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The Privacy Advisor | LIBE Committee Talks EU's Future in IT and Privacy Related reading: New LIBE Committee Report on Data Protection in China

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Monday, the European Commission trumpeted an EU-wide agreement on the Network and Information Security Directive (NIS), the result of a two-and-a-half year effort to coordinate efforts by government and industry to secure networks. 

Just hours later, during the opening morning of a two-day conference on online privacy, software and hardware weaknesses, the Civil Liberties, Justice and Home Affairs committee (LIBE) discussed the status quo as well as how to strengthen the EU's IT sector. Much of the discussion focused on how to move forward in the wake of recent events including the terrorist attacks in Paris and the European Court of Justice's ruling in Schrems. While all who spoke yesterday agreed we're living in unprecedented times, many were quick to implore European lawmakers to resist the urge for reactionary policies that may mean less privacy for citizens. 

European Commission Vice President Andrus Ansip in his opening remarks discussed the importance of trust to the digital single market (DSM) the EU aims to build. Ansip said trust must be assured across borders and added he and his colleagues have been working closely with U.S. authorities to ensure appropriate oversight of a DSM system. 

"As confirmed recently by the European Court of Justice, these safeguards are essential for guaranteeing the protection of our personal data," Ansip said of the Schrems decision. "They must be respected."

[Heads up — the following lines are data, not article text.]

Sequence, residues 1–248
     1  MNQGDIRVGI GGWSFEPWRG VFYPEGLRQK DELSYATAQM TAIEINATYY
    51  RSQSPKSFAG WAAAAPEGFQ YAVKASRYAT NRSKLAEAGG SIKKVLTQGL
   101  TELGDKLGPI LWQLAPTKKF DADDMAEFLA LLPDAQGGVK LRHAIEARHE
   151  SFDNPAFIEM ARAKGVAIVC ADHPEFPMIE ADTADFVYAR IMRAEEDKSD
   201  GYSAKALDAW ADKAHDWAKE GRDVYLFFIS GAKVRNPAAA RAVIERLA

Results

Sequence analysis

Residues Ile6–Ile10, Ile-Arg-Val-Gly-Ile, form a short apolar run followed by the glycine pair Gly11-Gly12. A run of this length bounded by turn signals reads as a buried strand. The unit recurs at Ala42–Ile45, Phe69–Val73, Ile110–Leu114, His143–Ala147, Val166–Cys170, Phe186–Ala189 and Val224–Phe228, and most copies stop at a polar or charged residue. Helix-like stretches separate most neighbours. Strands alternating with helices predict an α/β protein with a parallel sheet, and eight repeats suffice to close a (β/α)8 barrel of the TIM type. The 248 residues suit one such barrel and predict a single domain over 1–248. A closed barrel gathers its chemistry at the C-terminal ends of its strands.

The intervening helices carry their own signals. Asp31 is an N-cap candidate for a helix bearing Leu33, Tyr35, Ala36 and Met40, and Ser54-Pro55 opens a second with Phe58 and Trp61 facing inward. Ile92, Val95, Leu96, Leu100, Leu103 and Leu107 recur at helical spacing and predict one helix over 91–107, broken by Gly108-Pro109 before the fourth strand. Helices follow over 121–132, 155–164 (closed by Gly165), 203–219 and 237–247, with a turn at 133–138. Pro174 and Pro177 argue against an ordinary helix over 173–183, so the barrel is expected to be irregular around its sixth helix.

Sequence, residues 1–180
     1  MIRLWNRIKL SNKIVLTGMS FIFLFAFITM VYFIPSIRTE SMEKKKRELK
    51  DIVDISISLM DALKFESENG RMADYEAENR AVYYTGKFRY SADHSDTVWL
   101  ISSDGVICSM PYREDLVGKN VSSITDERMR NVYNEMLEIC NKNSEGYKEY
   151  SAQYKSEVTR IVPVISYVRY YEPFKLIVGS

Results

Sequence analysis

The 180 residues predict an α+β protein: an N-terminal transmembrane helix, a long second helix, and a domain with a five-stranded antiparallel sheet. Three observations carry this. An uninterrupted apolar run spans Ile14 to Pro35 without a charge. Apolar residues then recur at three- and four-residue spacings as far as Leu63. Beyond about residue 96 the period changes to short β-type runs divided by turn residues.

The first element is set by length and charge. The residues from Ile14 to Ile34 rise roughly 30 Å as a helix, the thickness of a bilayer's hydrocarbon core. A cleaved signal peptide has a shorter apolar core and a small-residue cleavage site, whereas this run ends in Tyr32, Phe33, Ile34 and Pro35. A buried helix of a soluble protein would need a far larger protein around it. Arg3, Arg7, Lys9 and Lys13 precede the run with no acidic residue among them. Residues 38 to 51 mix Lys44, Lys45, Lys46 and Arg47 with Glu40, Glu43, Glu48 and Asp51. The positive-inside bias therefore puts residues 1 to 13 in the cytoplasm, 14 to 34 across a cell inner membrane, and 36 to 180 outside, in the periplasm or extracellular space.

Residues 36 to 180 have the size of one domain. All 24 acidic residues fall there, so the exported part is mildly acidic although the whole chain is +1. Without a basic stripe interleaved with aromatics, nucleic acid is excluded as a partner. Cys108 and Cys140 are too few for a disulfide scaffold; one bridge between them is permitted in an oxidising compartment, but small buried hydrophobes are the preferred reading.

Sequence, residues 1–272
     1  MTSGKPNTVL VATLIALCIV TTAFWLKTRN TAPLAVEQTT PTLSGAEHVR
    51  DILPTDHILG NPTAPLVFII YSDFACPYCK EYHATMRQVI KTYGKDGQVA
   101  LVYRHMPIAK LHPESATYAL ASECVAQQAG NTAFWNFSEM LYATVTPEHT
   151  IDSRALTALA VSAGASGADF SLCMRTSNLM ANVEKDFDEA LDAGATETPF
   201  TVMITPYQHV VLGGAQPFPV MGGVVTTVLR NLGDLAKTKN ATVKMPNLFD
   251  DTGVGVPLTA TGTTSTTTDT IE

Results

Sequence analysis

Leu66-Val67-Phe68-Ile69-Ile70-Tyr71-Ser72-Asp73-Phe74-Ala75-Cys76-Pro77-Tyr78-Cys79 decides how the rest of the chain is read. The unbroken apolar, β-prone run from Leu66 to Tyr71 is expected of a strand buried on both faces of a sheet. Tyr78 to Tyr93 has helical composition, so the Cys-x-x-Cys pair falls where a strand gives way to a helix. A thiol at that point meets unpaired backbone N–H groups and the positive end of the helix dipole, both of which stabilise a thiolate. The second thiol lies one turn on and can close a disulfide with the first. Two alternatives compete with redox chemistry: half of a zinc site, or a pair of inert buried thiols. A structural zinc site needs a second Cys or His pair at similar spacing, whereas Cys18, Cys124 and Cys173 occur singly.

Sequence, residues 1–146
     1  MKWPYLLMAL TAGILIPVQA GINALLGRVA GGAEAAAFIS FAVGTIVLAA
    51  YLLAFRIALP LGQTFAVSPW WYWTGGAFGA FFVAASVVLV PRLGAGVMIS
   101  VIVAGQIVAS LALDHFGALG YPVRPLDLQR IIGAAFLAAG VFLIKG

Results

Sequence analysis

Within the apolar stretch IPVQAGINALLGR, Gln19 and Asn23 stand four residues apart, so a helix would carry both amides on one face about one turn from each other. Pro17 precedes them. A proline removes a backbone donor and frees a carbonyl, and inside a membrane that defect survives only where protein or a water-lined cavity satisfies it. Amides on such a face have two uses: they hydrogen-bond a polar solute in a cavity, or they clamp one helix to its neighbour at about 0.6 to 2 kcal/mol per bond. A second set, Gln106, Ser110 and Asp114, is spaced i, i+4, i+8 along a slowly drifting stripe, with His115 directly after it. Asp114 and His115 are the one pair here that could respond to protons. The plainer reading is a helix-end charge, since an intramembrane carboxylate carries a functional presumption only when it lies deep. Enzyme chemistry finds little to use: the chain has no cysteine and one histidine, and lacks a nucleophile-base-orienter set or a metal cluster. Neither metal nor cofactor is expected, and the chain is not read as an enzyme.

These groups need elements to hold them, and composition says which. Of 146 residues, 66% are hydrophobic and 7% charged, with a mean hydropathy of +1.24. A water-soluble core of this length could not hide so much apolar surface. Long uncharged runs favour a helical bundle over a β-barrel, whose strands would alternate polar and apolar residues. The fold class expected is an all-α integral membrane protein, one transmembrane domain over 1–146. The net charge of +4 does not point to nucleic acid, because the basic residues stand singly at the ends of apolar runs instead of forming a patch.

If citizens feel their data is protected, Ansip continued, participation in e-services will proliferate. 

"Trust is everything," he said. 

And while now more than ever the Internet is a breeding ground for hate speech and online radical content, the enemy shouldn't be misidentified. 

"... We should not demonise the Internet," he said. "The Internet itself is not to blame." 

While it might be tempting to create policies in the name of security, Ansip called for proportionality. 

"So-called backdoors to the Internet may sound tempting to ensure security but would ultimately erode trust," he said. "The Internet is now part of our Democratic social fabric, which must remain a truly global resource free from being captured by specific political interests." 

UN Special Rapporteur for Privacy Joseph Cannataci shared Ansip's concerns about reactionary policies, particularly in light of November's terrorist attack in Paris. 

"Our sorrow must be tempered with the wisdom to recognize security measures which do actually work," he said. "The best way to preserve European values in the wake of recent horrors as we witnessed in Paris is to protect our fundamental ways of life," which include dignity and proportionality.